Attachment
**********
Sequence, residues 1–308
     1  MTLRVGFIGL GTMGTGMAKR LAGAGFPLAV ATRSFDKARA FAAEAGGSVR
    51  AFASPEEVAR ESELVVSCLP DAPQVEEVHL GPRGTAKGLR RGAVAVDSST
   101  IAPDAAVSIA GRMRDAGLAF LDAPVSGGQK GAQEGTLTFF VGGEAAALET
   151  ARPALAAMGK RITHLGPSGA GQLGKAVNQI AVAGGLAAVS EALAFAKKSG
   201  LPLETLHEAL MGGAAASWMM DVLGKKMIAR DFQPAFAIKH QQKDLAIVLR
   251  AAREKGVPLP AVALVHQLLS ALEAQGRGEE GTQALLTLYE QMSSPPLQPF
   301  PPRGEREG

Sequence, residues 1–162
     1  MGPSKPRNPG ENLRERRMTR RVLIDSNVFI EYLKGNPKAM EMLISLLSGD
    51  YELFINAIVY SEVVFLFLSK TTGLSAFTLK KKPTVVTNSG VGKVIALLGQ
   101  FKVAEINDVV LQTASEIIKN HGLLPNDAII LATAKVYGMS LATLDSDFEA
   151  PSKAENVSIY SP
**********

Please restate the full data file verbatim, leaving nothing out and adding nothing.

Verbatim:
Sequence, residues 1–308
     1  MTLRVGFIGL GTMGTGMAKR LAGAGFPLAV ATRSFDKARA FAAEAGGSVR
    51  AFASPEEVAR ESELVVSCLP DAPQVEEVHL GPRGTAKGLR RGAVAVDSST
   101  IAPDAAVSIA GRMRDAGLAF LDAPVSGGQK GAQEGTLTFF VGGEAAALET
   151  ARPALAAMGK RITHLGPSGA GQLGKAVNQI AVAGGLAAVS EALAFAKKSG
   201  LPLETLHEAL MGGAAASWMM DVLGKKMIAR DFQPAFAIKH QQKDLAIVLR
   251  AAREKGVPLP AVALVHQLLS ALEAQGRGEE GTQALLTLYE QMSSPPLQPF
   301  PPRGEREG

Sequence, residues 1–162
     1  MGPSKPRNPG ENLRERRMTR RVLIDSNVFI EYLKGNPKAM EMLISLLSGD
    51  YELFINAIVY SEVVFLFLSK TTGLSAFTLK KKPTVVTNSG VGKVIALLGQ
   101  FKVAEINDVV LQTASEIIKN HGLLPNDAII LATAKVYGMS LATLDSDFEA
   151  PSKAENVSIY SP